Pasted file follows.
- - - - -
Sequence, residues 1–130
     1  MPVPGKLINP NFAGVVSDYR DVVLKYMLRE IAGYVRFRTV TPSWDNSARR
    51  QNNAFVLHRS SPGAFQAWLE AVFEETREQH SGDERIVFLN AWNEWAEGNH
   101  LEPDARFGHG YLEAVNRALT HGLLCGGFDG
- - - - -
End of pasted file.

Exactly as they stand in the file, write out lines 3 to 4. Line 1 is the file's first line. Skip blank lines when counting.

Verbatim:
    51  QNNAFVLHRS SPGAFQAWLE AVFEETREQH SGDERIVFLN AWNEWAEGNH
   101  LEPDARFGHG YLEAVNRALT HGLLCGGFDG